The original Resident Evil is most associated with the original Sony PlayStation but it’s also been released on other platforms. In addition to the three versions available on PlayStation, it was also released on Sega Saturn, Windows, and even the Nintendo DS. Each version is a little different and features different strengths. The Windows version is probably the best version overall since it features the sharpest resolution and most detailed graphics but the PlayStation version is certainly the easiest copy to get a hold of since you can still get it on PlayStation Network — for now. The Nintendo DS version made it possible to hold the horrors of Resident Evil right in your hands but we almost got a portable version of the Spencer Mansion a few years earlier on the Game Boy Color.
The game that never dies
Capcom was putting Resident Evil anywhere it could in the late ’90s after the surprise hit’s mega-success. Resident Evil 2 was going through an especially long development phase, especially for the time, but Capcom kept fans busy by providing new ways to experience the first game. It gave fans more ways to play the hottest horror experience and packed the pockets of Capcom, which probably made it easier to justify the sequel’s development time. The Game Boy Color version was officially announced by Capcom and there were even some official screenshots released on IGN, but the game was canceled before it was completed. The game was reportedly 90 percent complete though which is especially cool since the most complete version available was released online in February 2012 and then a ROM hacker later released a more playable and slightly modified version with fewer bugs. It’s still available online and you can play quite a bit of the game but it’s easy to see why Capcom decided to cancel the game before it was finished. Now it remains a curious and interesting piece of Resident Evil history that can be digitally explored years after its cancellation.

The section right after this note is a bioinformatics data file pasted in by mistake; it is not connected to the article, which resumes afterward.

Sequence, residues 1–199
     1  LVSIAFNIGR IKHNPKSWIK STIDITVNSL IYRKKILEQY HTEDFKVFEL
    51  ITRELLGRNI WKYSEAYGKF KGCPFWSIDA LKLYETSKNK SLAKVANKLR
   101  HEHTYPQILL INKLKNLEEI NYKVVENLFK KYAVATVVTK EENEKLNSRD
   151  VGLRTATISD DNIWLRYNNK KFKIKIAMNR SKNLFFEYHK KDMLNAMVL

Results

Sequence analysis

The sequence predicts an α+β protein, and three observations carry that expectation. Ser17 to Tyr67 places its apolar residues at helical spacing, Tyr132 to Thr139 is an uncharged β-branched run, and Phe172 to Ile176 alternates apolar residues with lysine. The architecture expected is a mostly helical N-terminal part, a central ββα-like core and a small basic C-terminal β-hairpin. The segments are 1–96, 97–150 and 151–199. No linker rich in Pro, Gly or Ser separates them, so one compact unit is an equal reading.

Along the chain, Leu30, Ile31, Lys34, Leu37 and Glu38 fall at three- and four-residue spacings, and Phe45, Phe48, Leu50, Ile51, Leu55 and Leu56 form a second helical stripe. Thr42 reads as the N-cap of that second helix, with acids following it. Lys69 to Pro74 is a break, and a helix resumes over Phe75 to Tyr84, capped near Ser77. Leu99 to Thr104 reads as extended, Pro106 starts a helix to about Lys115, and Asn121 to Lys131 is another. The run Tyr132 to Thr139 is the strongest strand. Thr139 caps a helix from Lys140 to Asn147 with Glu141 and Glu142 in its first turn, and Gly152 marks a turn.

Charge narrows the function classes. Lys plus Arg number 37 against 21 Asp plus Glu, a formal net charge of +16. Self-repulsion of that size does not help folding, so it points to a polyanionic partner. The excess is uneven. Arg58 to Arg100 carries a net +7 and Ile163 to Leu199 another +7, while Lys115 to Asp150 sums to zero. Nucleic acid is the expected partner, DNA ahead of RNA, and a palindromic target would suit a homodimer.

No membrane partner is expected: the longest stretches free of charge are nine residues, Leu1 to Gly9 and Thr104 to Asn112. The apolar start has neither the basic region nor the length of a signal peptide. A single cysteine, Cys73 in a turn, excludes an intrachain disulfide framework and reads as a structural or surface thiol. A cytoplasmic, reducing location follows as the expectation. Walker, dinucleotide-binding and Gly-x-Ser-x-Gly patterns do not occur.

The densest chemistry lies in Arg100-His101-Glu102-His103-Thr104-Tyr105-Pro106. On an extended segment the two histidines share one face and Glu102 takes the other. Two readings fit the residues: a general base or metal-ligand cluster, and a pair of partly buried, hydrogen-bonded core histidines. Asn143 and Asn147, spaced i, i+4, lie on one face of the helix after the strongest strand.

Unseen 64 has several pictures and videos that players have captured, in case you’re interested in the game but don’t want to try playing it, which is understandable given the state of the game. It’s extremely impressive that the game looks as good as it does considering the Game Boy Color’s limited hardware. It’s also interesting since Resident Evil was more or less originally a successor to Sweet Home on the Nintendo Entertainment System. Seeing images of Resident Evil on Game Boy Color makes it easier to make the connection and imagine what Resident Evil would have looked like on the NES, given the similarities in power between the two platforms. The Nintendo DS version seemed strange to me when it first released but it makes so much more sense after learning about the canceled Game Boy Color version. Capcom almost had a game running well enough on the Game Boy Color so throwing it on a Nintendo handheld two generations later was probably much easier.
I love that it was made available even if it was through unofficial means but really hope Capcom eventually throws a little money and resources at it to fill in the missing pieces so it’s fully playable and officially available. It could be a really fun pre-order bonus or even just a cheap, digital release with a disclosure saying it’s mostly just a fun piece of history and that bugs are present. I feel like a lot of Resident Evil fans would throw a few bucks at the Game Boy Color version of the most iconic title in the series. In the meantime though, it’s at least available for PC if you don’t mind doing a little digging. It’s not the most ideal way to play the game and isn’t finished but you can teleport around a few of the game’s locations in an emulator and explore what’s available while imagining what could have been.